“She’s so good, she has so much potential it’s unbelievable,” Green said at the end of the tournament. “For her only being 14 and for her to hit it as far as she does for being young and little? It’s just unbelievable. . . . I’m scared for everyone else.”
Brooks was the youngest female member of the East team at the annual throwdown between 20 of the top players from the East and 20 of the top players from the West. On paper, Brooks looked like the most inexperienced too. Her play didn’t reflect it ...
Caddie Steve Molinelli, who sells and appraises dental practices by day, likes to pick up a bag when a major USGA or local amateur event is played near his San Francisco home. The Olympic Club member looped for quarterfinalist Casie Cathrea last week at the U.S. Girls’ Junior at Lake Merced Golf Club in Daly City, Calif., for Colt Knost when he won the 2007 U.S. Amateur at Olympic and for Ryo Ishikawa at last month’s U.S. Open there. The 46-year-old is a member of the First Tee of San Francisco board of directors, and plays to a plus-1 handicap.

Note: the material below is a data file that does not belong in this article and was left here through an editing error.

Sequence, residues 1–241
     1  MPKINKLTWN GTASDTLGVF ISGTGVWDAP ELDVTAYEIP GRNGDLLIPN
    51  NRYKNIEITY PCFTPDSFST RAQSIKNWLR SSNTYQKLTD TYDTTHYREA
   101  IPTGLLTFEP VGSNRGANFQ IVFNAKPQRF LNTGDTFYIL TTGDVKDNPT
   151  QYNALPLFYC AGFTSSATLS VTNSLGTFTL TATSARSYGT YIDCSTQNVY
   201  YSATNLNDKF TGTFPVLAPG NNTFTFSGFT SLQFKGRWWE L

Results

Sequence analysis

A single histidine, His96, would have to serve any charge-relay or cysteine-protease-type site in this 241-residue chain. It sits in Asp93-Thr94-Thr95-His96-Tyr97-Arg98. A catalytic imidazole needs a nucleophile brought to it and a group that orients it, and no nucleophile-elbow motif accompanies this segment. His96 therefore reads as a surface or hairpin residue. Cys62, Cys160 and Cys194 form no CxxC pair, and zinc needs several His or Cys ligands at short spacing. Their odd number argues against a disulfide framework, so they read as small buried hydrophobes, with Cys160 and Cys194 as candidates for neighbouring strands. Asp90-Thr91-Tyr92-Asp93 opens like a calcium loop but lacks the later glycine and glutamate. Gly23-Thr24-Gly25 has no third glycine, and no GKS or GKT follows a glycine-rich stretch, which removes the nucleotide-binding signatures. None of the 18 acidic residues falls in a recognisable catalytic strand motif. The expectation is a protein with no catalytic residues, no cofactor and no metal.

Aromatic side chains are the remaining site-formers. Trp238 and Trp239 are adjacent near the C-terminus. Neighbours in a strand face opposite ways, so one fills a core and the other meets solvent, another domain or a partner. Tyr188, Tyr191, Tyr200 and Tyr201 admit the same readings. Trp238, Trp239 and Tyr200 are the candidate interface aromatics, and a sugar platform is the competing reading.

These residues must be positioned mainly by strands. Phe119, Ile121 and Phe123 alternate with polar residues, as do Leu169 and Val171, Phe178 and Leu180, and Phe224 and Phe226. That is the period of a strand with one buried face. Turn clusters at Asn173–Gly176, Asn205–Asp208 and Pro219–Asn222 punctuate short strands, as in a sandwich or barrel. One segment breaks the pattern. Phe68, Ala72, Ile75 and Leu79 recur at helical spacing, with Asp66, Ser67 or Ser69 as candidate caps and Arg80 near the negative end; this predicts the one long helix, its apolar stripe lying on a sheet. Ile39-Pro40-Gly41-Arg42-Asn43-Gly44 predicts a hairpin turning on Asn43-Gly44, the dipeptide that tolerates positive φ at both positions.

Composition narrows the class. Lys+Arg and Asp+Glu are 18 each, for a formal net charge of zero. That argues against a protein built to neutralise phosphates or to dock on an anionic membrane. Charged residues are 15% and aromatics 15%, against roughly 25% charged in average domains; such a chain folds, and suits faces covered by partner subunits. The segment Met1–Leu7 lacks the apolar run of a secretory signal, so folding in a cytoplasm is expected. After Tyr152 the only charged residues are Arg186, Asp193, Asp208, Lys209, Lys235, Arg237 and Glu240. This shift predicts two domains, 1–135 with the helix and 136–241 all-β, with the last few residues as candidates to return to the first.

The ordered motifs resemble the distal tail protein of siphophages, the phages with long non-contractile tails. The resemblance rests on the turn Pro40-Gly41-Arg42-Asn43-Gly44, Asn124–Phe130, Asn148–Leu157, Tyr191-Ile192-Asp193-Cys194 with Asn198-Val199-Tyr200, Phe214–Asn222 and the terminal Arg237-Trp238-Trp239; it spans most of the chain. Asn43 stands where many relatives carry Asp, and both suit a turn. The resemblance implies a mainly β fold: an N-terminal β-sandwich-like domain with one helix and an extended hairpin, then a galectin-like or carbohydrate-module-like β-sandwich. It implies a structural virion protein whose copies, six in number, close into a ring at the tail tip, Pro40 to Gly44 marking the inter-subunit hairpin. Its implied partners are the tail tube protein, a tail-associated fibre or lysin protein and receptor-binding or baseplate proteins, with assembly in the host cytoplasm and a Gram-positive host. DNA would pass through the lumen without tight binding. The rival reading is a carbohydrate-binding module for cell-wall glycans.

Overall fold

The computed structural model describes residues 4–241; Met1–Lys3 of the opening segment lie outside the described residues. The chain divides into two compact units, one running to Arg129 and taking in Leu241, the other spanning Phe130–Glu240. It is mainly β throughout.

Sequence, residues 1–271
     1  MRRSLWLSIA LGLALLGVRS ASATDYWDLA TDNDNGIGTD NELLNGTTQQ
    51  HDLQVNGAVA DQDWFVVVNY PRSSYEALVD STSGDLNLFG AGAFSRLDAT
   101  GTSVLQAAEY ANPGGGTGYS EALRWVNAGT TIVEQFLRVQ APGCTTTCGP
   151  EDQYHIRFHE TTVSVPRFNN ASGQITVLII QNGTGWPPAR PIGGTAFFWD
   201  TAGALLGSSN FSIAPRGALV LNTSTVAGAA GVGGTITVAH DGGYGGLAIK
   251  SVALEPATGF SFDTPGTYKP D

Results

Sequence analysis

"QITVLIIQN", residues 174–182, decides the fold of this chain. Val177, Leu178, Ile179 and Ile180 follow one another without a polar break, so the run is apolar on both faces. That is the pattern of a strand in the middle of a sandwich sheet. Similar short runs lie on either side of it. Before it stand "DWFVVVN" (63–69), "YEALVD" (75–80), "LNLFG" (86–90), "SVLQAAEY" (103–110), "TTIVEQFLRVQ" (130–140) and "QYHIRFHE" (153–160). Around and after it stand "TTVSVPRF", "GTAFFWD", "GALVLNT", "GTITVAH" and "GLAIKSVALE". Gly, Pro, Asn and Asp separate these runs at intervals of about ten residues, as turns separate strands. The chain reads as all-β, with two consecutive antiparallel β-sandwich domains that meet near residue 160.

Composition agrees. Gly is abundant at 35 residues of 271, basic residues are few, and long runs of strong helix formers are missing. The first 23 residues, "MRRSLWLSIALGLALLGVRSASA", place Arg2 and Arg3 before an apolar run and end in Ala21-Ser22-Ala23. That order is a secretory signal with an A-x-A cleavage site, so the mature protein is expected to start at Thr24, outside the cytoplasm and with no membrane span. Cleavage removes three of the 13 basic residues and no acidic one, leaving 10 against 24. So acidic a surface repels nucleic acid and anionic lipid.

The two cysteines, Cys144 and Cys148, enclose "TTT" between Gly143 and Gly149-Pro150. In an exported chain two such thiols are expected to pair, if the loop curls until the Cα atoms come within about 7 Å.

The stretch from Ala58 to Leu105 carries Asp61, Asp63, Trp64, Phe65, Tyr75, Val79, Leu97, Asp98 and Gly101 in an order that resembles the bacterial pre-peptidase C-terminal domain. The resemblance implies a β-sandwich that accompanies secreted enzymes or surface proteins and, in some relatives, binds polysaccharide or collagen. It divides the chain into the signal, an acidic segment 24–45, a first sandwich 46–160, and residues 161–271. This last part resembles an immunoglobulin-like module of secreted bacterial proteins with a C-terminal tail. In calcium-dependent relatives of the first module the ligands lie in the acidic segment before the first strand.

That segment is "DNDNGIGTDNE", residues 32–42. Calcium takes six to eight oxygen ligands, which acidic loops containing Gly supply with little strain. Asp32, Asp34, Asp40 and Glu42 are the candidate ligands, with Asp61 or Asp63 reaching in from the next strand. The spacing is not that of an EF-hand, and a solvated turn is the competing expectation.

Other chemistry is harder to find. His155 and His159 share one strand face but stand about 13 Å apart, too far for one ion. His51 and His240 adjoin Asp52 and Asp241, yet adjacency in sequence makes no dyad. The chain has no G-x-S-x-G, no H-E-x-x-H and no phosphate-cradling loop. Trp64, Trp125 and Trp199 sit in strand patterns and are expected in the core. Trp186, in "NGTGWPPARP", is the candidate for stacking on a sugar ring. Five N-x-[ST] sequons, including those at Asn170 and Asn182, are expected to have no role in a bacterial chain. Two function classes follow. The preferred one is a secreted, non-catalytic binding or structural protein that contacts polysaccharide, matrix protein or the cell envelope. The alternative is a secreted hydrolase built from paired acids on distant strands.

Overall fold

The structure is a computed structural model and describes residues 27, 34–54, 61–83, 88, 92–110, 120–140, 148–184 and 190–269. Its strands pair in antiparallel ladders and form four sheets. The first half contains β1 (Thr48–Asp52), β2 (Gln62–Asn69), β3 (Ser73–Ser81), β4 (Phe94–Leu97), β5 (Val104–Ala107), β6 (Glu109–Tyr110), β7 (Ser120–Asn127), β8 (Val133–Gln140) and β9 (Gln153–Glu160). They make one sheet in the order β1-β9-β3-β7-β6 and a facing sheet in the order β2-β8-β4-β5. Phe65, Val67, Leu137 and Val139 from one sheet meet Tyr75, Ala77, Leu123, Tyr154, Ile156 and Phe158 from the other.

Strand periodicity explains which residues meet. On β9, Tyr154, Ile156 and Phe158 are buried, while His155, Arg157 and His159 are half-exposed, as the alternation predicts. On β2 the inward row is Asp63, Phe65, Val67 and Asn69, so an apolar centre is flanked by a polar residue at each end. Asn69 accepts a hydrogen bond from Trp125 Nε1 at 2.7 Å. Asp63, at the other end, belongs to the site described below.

• • •
How does Casie’s game compare to a top male amateur or a pro?
Her ball-striking is phenomenal and better than most of the male amateurs that I play with. She plays with so much authority. I was really impressed at the U.S. Open watching guys hit on the range. I didn’t see anybody hit one thin, I didn’t see anybody hit one fat, and it’s been the same with Casie all week.
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Which course, Lake Merced or Olympic, sets up better for match play?
Olympic Club is a great match-play course ...
DALY CITY, Calif. – Casey Danielson has yet to see the Golden Gate Bridge this week. There will be time for that later – a lot of time.